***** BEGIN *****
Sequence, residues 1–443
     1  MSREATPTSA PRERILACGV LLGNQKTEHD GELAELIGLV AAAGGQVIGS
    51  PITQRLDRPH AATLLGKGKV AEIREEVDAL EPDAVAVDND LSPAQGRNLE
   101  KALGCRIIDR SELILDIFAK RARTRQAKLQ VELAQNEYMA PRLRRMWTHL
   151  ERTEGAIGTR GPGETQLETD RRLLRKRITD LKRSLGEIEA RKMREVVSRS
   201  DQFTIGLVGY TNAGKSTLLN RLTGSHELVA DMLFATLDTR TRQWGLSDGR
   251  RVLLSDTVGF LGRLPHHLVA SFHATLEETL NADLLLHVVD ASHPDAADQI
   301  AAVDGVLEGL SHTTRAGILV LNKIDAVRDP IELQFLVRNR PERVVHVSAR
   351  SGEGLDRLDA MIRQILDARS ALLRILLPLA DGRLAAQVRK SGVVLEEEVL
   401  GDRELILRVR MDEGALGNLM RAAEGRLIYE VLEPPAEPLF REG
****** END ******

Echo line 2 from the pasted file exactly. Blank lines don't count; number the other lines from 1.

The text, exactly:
     1  MSREATPTSA PRERILACGV LLGNQKTEHD GELAELIGLV AAAGGQVIGS